The rhetorics of creativity and play mirror one another in significant ways. We see in both, ideas and forms that are consumed with pleasure. In neither is the object, form, or idea accepted as a given. Whether manipulating blocks, making music, designing a new font, or redesigning packaging, we do something to whatever we started with, combining, stretching or somehow up-ending its original form. In play and creativity, we draw on stored information, ideas and skills from accumulated experiences and settings. In both creativity and play, a similar push-and-pull of drives is at work. We make bold connections, are flexible, and find different combinations of ideas on the one hand, and we respond to the drives of conformity, familiarity, and predictability on the other. And although forts, songs, apps, and new food products may result from play and creative activity, neither necessarily produces tangible products.

Creativity In Play
A sense of a more substantial relationship than a list of similarities between creativity and play emerges from recent thinking in cognitive science and neuroscience. It builds, in fact, on Einstein’s idea of creativity as combinatorial play. Versions of this idea have been explored in articles in American Journal of Play as combinational creativity (Boden p. 7) and combinatory play (Stevens. p. 99).

Leaf Bowls by Kay Sekimachi
In combinatory play a person uses conscious, deliberate connection making and imagination, manipulating familiar ideas, images, sounds, or forms and comes up with unlikely combinations of ideas, images, sounds, or forms. Recombined they are novel, surprising and valuable. We may experience this in combining disparate information, repurposing an abundant discard, imagining dried leaves as a bowl or translating a metaphor into an immersive environment. When we do, we play with possible outcomes, adapt to unexpected results, and link what had seemed unlinkable. We envision what is not present, compare and contrast various combinations, fuse and peel apart constructs to arrive at a new whole. The brain plays.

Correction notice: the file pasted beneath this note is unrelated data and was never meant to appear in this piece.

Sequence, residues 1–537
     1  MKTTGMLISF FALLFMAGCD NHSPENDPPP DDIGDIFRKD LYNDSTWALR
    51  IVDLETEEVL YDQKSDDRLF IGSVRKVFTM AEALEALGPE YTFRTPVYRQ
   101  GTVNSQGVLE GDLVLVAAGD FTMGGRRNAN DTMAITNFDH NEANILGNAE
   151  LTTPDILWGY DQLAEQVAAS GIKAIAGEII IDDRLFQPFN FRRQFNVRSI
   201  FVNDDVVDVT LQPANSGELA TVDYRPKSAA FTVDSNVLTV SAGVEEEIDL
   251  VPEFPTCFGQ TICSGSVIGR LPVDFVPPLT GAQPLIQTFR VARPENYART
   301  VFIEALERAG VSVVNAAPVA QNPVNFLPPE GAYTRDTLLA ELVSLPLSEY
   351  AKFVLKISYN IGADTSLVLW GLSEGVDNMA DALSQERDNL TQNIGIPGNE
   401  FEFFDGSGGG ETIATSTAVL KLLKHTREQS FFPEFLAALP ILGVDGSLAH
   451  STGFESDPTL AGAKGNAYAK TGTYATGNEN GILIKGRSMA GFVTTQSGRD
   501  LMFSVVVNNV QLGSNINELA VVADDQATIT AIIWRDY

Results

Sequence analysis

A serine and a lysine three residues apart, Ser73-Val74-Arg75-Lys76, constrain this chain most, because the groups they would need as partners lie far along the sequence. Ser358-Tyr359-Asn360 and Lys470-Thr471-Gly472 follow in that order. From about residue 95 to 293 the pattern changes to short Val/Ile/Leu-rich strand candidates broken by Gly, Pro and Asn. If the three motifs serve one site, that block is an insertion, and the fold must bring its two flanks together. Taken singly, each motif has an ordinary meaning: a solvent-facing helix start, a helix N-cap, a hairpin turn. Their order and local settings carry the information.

Connecting previously unconnected images, facts, or elements in ways that are new and meaningful occurs through both conscious and unconscious cognitive play. The mind hovers between structure and openness; it wanders between focused attention and diffused attention. It skates freely with and among a series combinations without imposing a conclusion. This is a complex form of play as well as thinking.
Falcon Model made of cardboard boxes

The Brain Plays
Thinking outside the box speaks directly to creativity as well as play. For both, this image celebrates freedom from constraints and attraction to possibilities. Creativity invites us to detour rigid frameworks, assumptions, and rules. By thinking outside the constraints of a cardboard box’s original size, proportions, and purpose, a familiar box is transformed into a child’s boat or spaceship or an animation artist’s detailed scaled model.  

Thinking outside the box also suggests how we might look at the relationship between creativity, play, and learning. Making connections between one thing and another is also fundamental to a conceptualization of learning as a connection-making process. Deliberate and conscious, learning involves connecting formerly isolated concepts, linking abstractions with hands-on concrete application, associating previous experiences with a fact, and reinforcing understanding a concept. In contrast to the fresh, unlikely combinations that characterize creativity and play, learning is concerned with making connections that construct a meaningful system of relationships that changes and grows with experience.

Just as creativity requires sidestepping conventional ways of exploring thought, structure, and objects, letting go of well-used and decidedly separate categories for play, creativity, and learning allows us to see how each helps advance the case for and supports the others.